The styling for all Nash vehicles at that time was an amalgam of designs from Pininfarina of Italy and the in-house Nash design team. The different models from Ambassador down to the Metropolitan utilised very similar design features (fully enclosed front wheels, notched "pillow" style door pressing, bar style grille etc.). Whilst Nash used the fact that styling was by Pininfarina in their advertising for their larger models, Pininfarina refused to allow his name to be associated with the Metropolitan as he felt it would damage his reputation with other Italian car companies to be linked to such a small car.
The new Metropolitan was made in two body designs: convertible and hardtop. All came with several standard features that were optional on most cars of the era. Among these factory-installed benefits for customers were a map light, electric windshield wipers, cigar lighter, and even a "continental-type" rear-mounted spare tire with cover. To give a "luxury" image to the interior, "Bedford cord" upholstery trimmed with leather was used (similar to larger Nash vehicles). An AM radio, "Weather Eye" heater, and whitewall tires were offered as optional extras for the U.S. market. (It is unlikely that a Metropolitan could have been purchased without a heater and radio, as all vehicles left the factory with both items fitted.)
The Metropolitan was the first American car that was marketed specifically to women. The Dodge La Femme was introduced one year later. The first spokesperson for the car was Miss America 1954, Evelyn Ay Sempier, and the car was prominently advertised in Women's Wear Daily. American Motors' marketing brochures described the new model as "America's entirely new kind of car" (1955), "Luxury in Miniature" (1959), and "crafted for personal transportation" (1960)
Production for U.S.
Production at Austin's Longbridge factory started in October 1953 (Commencing VIN E1001). Nicknamed the "baby Nash", the cars were tiny. They had an 85 in (2,159 mm) wheelbase, overall length of 149.5 in (3,797 mm) and a gross weight of only 1,785 lb (810 kg) for the Convertible and 1,825 lb (828 kg) for the Hardtop, thus making the Metropolitan smaller than the Volkswagen Beetle. The two models, a convertible and a hardtop, were powered by the OHV 1,200 cc (73 cu in) straight-4 Austin 'A40' series engine (as used in the Austin A40 Devon/Dorset) driving the rear wheels through a three-speed manual transmission. The initial order was for 10,000 units, with an option to increase the order if sales were sufficient.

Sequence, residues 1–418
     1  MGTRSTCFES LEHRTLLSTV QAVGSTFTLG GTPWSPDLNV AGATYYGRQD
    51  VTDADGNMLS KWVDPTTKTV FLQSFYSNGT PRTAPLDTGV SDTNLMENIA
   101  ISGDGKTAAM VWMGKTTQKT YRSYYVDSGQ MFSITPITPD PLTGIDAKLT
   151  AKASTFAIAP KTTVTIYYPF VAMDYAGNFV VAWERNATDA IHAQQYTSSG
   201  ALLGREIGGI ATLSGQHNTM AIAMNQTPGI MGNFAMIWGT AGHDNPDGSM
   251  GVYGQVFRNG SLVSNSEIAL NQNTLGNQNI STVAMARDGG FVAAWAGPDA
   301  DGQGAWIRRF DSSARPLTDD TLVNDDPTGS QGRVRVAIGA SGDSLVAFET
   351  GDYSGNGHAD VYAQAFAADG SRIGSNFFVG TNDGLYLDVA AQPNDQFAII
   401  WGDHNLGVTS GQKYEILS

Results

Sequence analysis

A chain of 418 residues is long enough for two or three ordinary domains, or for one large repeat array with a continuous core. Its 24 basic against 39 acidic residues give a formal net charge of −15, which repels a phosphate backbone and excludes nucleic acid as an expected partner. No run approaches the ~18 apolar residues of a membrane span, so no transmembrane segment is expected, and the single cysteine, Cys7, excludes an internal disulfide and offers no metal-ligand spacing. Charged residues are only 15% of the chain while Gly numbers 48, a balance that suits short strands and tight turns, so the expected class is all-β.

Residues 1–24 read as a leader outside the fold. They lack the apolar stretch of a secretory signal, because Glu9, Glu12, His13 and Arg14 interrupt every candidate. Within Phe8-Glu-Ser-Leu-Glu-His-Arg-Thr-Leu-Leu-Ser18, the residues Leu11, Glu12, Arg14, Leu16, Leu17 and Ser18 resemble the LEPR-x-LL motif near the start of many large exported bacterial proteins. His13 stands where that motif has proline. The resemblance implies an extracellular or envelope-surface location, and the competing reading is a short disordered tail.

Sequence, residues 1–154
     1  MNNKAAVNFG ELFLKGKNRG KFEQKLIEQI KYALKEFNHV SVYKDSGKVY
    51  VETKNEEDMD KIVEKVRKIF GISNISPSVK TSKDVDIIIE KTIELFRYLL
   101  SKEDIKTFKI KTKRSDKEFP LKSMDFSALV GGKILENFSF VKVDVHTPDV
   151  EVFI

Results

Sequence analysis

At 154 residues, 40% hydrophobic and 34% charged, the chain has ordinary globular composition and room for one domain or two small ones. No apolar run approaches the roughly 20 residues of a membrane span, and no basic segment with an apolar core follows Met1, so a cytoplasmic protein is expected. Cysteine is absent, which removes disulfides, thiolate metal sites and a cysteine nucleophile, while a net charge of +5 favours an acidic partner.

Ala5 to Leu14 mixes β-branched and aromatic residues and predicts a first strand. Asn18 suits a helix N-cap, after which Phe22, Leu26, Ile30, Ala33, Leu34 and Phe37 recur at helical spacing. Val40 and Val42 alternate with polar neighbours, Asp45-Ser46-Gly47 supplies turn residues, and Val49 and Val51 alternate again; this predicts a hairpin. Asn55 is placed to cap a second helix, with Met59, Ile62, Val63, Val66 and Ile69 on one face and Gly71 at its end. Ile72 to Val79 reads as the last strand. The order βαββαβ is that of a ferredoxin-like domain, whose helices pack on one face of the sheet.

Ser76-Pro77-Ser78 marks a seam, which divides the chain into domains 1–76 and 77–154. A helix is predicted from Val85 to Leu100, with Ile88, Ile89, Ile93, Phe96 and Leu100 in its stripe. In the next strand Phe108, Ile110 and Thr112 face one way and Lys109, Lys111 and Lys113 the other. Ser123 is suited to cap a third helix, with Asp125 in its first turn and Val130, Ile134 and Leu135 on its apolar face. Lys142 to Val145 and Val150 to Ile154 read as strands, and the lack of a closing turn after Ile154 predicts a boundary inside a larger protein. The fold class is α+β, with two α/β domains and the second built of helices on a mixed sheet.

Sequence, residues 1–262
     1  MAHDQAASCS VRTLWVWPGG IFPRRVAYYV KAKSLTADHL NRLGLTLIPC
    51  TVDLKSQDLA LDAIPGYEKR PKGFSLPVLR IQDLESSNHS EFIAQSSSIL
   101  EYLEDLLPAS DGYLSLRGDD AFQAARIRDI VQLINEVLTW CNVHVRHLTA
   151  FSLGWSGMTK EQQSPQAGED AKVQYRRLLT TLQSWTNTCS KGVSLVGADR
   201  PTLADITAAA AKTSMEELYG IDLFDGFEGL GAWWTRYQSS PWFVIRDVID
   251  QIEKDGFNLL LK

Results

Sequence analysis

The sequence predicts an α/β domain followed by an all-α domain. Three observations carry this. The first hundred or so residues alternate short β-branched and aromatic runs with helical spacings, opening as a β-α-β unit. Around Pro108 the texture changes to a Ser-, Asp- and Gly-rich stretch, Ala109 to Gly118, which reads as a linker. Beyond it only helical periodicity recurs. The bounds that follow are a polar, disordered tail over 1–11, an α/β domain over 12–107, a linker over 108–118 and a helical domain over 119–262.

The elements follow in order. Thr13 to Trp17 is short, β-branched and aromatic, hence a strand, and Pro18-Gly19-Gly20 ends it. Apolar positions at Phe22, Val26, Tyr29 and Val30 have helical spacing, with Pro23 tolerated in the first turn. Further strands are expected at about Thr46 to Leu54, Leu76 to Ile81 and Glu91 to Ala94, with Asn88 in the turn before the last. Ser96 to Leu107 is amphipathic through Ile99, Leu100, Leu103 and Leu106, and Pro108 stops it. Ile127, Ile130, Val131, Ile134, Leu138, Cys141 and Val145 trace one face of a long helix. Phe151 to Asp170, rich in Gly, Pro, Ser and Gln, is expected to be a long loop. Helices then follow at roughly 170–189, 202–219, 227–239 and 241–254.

The new model was initially to be called the "NKI Custom", but the name was changed to "Metropolitan" just two months before its public release. New chrome nameplates with the "Metropolitan" name were made to fit into the same holes as the "NKI Custom" script on the passenger side front fender. Nash dealers had to rebadge the early cars that came with the "NKI Custom" name, but some factory manuals had already been prepared and distributed to service departments with the NKI name. The first examples badged as Nash went on sale on March 19, 1954 in the U.S. and Canada. Autocar said that "at a production rate of less than 400 cars a week ... it was hardly going to be a runaway best seller."
In surveys, Americans had affirmed a desire for economy cars, but in practice they bought the Metropolitan in relatively small numbers. Although Nash merged with Hudson in 1954, and marketed the car as a Hudson Metropolitan in 1955, "demand never took off from the original level", primarily because the Metropolitan was slow by North American standards. In the first month of sales, 862 Metropolitans were sold in U.S. and Canada, while in the first six months a total of 7,042 were sold. A further order was placed with Austin.
Available exterior colors were P903 "Spruce Green", P904 "Canyon Red", P905 "Caribbean Blue", or P906 "Croton Green", with P907 "Mist Grey" as a contrast color for the hardtops. P906 "Croton Green" was dropped as a color option in April 1954. Cars incorporated the Nash logo on their grille badge, hubcaps, horn button, and spare wheel cover. The suggested retail price (MSRP) for Series I (also known as NK1) models was UD$1,445 (Hardtop) and $1,469 (Convertible). Adding a radio and a heater pushed the price above $1,500: at the time Volkswagen's Bug/Beetle was being offered at $1,425.